By Janet R. Stafford
Have you ever seen that one last leaf clinging to the branch as winter sets in? It's so tenacious, and yet so sad.
What is true in nature is also true among human beings: sometimes we have trouble letting go. The practice of forgiveness is to let go - not of the memory of what someone has done to us or to someone else - but to let go of our anger and our fixation with being wronged. It is not so much about changing the other but about changing ourselves, as odd as that may sound.
A while ago, I posted an excerpt from THE GOOD COMMUNITY, in which Maggie has an encounter with Josiah Norton, who is supportive of the Blaineton School excluding black students. He then proceeds to give her all sorts of "reasons" why people with dark skin are inferior to those with white skin.
The tender-hearted Maggie is at first shocked and then furious at his words, and so she takes to her journal to work things out in her heart and with her God.
Maggie’s Journal, 8 June 1864
Oh, Journal! How disappointed and angry I am! I had hoped that both would abate after feeding dear little Faith and rocking her to sleep this evening. But despite holding my sleeping child and smelling her sweet scent, my heart is still in turmoil. And so, I am pouring it into your pages.
I am sure that years from now, I shall look back and shake my head at my foolishness, but I must vent and vent I shall.
Here is my difficulty: I simply do not understand how someone can look at another person and determination who they are and what they can be based upon the color of their skin.
God does not see us that way. God sees us only as his children. I have searched the Scriptures and have marked a few of the passages that clearly say this. In particular, a passage from I Samuel 16 stands out to me. When the prophet Samuel was choosing a king from among Jesse’s sons, the Lord told him not to choose based on appearance or height. Samuel was told that “the Lord seeth not as man seeth; for man looketh on the outward appearance, but the Lord looketh on the heart.” God told Samuel to pass the tall, strong brothers and chose instead the youngest brother, David.
There are so many other passages that contain a similar message. But this is the one that speaks to me tonight. If God makes determinations based upon what is in one’s heart and not upon one’s appearance, should we not do the same?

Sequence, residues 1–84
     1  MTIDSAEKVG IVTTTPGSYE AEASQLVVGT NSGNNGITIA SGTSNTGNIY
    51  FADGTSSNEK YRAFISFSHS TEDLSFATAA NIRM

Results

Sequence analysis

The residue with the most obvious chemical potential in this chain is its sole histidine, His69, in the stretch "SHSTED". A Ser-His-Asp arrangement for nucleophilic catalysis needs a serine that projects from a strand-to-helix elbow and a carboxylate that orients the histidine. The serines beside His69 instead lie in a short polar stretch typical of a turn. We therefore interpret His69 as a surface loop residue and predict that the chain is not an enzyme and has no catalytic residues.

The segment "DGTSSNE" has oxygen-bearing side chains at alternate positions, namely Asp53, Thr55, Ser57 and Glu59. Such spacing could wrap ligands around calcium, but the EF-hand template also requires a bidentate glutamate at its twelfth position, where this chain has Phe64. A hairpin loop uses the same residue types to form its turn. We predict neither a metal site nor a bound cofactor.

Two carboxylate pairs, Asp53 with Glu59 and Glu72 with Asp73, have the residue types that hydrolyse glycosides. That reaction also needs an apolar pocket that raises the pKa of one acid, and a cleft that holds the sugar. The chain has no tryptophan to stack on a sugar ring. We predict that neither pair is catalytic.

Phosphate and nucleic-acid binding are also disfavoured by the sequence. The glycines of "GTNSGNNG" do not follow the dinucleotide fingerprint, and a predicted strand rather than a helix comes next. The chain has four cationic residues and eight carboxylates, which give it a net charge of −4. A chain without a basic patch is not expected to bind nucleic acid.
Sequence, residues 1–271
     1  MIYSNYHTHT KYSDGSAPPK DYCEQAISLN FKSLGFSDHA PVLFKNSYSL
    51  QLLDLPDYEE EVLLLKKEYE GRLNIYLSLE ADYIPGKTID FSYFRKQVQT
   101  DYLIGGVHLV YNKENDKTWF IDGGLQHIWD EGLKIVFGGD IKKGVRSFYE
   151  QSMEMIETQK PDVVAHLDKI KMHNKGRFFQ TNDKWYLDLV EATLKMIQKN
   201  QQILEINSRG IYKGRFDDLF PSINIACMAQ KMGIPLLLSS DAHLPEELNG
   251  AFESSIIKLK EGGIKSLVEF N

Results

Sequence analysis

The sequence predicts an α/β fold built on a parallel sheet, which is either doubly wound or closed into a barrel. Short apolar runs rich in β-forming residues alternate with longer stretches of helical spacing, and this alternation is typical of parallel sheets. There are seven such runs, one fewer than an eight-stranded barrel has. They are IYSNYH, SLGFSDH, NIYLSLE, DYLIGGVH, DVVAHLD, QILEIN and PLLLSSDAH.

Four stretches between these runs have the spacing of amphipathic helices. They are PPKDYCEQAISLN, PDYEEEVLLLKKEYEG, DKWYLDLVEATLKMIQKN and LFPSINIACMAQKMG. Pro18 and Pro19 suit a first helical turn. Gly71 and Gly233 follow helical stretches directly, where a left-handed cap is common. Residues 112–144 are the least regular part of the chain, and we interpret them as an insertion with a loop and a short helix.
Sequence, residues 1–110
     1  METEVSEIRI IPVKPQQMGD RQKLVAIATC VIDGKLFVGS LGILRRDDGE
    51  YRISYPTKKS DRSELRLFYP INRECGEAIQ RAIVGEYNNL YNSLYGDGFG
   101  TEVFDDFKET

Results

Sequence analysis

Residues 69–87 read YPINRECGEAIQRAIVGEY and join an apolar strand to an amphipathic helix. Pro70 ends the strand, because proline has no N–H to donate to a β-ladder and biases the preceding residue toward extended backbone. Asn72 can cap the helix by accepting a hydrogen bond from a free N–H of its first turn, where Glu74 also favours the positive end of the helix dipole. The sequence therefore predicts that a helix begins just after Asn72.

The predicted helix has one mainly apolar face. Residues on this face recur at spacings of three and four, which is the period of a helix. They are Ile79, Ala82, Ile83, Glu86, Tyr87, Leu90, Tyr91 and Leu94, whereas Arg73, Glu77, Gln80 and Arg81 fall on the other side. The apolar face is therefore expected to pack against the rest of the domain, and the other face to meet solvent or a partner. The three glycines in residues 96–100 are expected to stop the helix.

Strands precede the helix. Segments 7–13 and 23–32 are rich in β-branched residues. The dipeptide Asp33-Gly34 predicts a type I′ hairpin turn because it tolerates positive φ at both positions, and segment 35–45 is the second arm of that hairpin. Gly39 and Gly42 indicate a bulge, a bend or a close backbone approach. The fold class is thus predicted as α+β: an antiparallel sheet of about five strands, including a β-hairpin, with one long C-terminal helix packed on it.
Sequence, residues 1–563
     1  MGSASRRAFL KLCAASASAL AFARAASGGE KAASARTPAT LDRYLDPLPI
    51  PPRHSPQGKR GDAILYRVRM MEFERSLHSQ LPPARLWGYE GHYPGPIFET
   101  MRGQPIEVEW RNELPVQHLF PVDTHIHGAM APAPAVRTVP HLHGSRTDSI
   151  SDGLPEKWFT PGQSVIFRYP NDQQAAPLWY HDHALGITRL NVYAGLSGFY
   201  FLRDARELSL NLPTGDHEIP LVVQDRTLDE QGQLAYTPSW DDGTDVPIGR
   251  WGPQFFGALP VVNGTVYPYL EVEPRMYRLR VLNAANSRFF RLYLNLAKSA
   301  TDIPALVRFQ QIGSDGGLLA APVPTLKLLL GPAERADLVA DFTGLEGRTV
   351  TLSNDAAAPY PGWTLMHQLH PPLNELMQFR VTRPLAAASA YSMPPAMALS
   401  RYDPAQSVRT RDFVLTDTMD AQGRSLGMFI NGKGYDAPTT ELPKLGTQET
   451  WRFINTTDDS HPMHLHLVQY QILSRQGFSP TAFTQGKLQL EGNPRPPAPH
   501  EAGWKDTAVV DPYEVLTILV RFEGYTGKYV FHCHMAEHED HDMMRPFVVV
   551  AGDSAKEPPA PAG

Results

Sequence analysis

How then can Mr. Norton, who calls himself a Christian, spew those dreadful lies about colored people? People with dark skin are not innately stupid or immoral. They are in fact no different than white people: some are intelligent, some are not; some are virtuous, some lie and steal. The color matters not. What matters is what is contained in the heart. What matters is our shared humanity.
I need to forgive Josiah Norton, Journal, but it will be difficult. I managed to let go of my anger over what he did to the Western New Jersey Hospital for the Insane and his foolishness behavior that led to Eli’s injury. But this! To know that he is embracing the same nonsense as many others and that he hates people based on their appearance – oh, I had hoped better of him, and I am disappointed.
But then, perhaps I should not have hoped anything of him. Just because a man has money and appears successful and can speak well, does not mean his heart is in the right place, does it? For those are all outward appearances. As Jesus says, “Beware of false prophets, which come to you in sheep's clothing, but inwardly they are ravening wolves. Ye shall know them by their fruits.”
What is in our hearts will direct what we produce. As far as I can tell, all Mr. Norton has produced is misery, money, and a luxurious hotel. I don’t like feeling that way about him and what he produces. Sadly, I would be quite content if I never saw Mr. Norton again.
I pray that God will help me forgive him and help me let go of my resentment.
 1 Samuel 16:7
 Matthew 7:15-16a.